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Thread: UFC Fight Night 42: Pre & Post Fight

  1. #11
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    The thing about Diego is that he tends to throw a lot right at the end of the round. It's unfortunate but it seems that the last thirty seconds of each round seems to matter more than the rest. I could have seen it 29-28 for Pearson but one judge scoring it 30-27 for Sanchez is absolutely ridiculous.

    Quote Originally Posted by AnchorPunch View Post
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  2. #12
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    Another gift decision for Diego, the Kampmann fight was a robbery and I thought Gomi should have won when they fought as well. He should be 0-6 in his last 6 bouts.

  3. #13
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    UFC Fight Night 42 post-fight facts: Diego Sanchez goes distance again for UFC record
    http://mmajunkie.com/2014/06/ufc-fig...for-ufc-record
    GENERAL

    Henderson, Piotr Hallmann, Scott Jorgensen and Danny Martinez earned $50,000 UFC Fight Night 42 fight-night bonuses.

    UFC Fight Night 42 drew an announced attendance of 8,775 for a live gate of $697,901.

    Total fight time of the 11-bout card was 2:14:30.

    Betting favorites went 8-3 on the card.
    MAIN CARD

    Henderson earned the first stoppage victory of his UFC career and his first in MMA competition since April 2010.

    Henderson earned a submission victory for the first time since April 24, 2010 – a span of 1,505 days (more than four years) and 11 fights.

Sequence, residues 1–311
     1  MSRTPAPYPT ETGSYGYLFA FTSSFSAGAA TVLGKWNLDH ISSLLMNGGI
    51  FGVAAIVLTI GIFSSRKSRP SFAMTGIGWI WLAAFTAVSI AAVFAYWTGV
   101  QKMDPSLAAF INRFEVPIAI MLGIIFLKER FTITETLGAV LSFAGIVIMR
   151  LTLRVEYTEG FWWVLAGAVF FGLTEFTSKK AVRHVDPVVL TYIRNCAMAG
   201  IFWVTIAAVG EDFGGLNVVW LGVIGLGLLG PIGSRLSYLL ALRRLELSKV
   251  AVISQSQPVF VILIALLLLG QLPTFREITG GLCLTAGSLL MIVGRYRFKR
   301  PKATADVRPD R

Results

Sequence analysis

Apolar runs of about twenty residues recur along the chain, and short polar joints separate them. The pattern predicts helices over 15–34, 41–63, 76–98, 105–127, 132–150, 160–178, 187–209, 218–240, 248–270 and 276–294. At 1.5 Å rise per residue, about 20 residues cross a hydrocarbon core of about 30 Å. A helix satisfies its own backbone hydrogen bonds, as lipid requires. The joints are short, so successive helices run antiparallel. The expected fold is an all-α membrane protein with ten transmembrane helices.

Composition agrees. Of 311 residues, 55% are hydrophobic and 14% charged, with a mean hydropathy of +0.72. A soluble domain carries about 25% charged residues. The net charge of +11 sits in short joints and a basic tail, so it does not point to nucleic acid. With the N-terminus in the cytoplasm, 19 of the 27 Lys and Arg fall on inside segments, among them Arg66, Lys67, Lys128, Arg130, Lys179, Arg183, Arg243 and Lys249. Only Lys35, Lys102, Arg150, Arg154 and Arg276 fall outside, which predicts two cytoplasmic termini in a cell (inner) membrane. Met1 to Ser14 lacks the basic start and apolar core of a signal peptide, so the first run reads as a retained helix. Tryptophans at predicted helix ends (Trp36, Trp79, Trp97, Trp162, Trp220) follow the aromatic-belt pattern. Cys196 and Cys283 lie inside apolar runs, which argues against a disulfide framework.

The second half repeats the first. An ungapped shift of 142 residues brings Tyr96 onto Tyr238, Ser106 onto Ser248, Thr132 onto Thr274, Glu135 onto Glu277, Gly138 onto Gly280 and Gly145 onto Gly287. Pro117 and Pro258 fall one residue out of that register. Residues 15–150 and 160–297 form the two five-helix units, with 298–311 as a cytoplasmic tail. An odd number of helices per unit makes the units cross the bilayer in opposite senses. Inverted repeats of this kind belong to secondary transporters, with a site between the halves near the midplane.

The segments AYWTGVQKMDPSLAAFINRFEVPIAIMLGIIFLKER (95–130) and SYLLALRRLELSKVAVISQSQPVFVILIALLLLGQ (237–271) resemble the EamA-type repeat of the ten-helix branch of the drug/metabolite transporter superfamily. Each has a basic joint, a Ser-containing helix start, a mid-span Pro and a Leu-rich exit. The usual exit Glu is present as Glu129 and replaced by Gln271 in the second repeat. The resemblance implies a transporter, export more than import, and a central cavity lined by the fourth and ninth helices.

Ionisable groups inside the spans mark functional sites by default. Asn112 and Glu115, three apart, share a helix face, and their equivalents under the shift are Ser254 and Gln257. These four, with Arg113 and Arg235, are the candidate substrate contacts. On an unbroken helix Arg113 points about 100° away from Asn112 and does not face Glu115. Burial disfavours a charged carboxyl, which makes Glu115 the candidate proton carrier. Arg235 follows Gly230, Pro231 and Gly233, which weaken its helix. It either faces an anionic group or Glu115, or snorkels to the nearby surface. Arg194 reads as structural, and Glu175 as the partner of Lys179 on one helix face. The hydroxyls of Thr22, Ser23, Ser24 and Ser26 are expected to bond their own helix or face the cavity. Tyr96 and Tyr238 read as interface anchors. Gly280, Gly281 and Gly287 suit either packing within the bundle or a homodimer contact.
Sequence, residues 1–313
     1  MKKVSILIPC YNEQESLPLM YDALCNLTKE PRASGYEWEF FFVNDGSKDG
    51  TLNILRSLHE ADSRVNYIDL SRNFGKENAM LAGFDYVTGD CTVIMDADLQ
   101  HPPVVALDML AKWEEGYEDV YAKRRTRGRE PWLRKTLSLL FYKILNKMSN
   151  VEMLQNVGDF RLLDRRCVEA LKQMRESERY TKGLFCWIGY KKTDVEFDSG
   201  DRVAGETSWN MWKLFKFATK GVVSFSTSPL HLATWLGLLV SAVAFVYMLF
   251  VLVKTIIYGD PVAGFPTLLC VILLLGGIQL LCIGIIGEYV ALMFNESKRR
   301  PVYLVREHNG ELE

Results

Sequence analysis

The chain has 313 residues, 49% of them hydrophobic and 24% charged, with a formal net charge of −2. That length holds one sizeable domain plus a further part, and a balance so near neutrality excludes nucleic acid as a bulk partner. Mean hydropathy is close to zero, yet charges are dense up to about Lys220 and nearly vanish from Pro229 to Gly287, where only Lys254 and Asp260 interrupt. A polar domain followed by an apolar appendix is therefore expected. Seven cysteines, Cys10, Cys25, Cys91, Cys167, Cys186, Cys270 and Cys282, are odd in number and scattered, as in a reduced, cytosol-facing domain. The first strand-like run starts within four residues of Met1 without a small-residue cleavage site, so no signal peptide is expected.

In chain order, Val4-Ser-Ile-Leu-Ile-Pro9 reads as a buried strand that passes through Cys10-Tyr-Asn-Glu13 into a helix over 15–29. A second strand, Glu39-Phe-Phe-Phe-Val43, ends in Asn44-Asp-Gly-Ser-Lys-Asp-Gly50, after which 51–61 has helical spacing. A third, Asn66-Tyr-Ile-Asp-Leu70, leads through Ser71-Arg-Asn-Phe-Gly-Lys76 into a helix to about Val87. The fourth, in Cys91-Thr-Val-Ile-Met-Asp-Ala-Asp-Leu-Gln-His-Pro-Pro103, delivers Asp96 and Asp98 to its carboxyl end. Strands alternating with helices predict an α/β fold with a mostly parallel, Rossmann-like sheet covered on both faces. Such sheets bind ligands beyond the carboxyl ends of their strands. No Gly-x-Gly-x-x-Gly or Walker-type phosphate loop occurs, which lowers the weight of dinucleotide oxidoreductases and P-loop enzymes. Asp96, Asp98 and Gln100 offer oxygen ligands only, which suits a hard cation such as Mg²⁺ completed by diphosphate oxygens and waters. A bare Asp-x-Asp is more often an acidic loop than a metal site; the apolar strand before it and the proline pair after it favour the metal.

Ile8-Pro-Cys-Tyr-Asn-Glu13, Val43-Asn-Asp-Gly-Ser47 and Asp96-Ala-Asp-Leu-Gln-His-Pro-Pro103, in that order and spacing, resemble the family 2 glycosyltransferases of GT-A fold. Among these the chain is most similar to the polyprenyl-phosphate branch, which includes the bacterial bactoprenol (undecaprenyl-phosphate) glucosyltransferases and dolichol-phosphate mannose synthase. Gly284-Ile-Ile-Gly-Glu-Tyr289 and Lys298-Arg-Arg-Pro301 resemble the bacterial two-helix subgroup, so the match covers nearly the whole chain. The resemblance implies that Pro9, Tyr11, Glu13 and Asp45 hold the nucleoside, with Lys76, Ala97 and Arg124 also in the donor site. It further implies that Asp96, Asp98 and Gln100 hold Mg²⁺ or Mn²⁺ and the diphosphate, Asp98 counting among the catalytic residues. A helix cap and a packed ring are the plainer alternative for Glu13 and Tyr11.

Henderson’s submission victory 1:16 of Round 4 marked the fourth fastest finish in the history of UFC extended/championship rounds.

    Henderson improved to 4-0 in UFC/WEC competition against Jackson-Winkeljohn-trained fighters.

    Khabilov suffered a submission loss for the first time in his 19-fight career.

    Diego Sanchez (25-7 MMA, 14-7 UFC) has fought to a decision 15 times in his UFC career, the most of any fighter in company history. “The Nightmare” has earned his past six UFC victories by way of decision.

    Sanchez’s 15 minutes of fight time gave him a total of 4:37:57 over his 21-fight UFC career. That’s the fifth most in UFC history behind Georges St-Pierre (5:28:12), B.J. Penn (5:03:51), Tito Ortiz (5:00:53) and Randy Couture (4:41:50). The 32-year-old has spent more time in the octagon than any non-champion in the organization’s existence.

    Sanchez’s 14 UFC victories are tied with Michael Bisping and Rashad Evans for the most of any winner of “The Ultimate Fighter” reality series.

    Ross Pearson (15-7 MMA, 7-4 UFC) suffered his first defeat in four fights since returning to the lightweight division in December 2012.

    Pearson had the fight scored in his favor by all 13 media members tracked by MMAdecisions.com.

    John Dodson’s (16-6 MMA, 5-1 UFC) four UFC flyweight victories are tied with Joseph Benavidez and John Lineker for the second most in divisional history behind champion Demetrious Johnson (five).

    Dodson tied Lineker and Benavidez for the most knockouts in UFC flyweight competition with three. Overall, Dodson has earned four of his five UFC victories by knockout.

    Dodson earned his sixth knockdown in flyweight competition, tying Lineker for the most in divisional history.

    John Moraga (14-3 MMA, 3-2 UFC) suffered the first knockout loss of his 17-fight career.

    Moraga fell to 0-2 in head-to-head competition with Dodson.

    Moraga vs. Dodson was the first fight in UFC flyweight history to be stopped between rounds.

    Rafael dos Anjos (21-7 MMA, 10-5 UFC) became the ninth fighter in UFC history to earn 10 lightweight victories. He joins Gleison Tibau (13), Jim Miller (13), Melvin Guillard (11), Yves Edwards (10), B.J. Penn (10), Nate Diaz (10), Joe Lauzon (10) and Donald Cerrone (10) as fighters to accomplish the feat.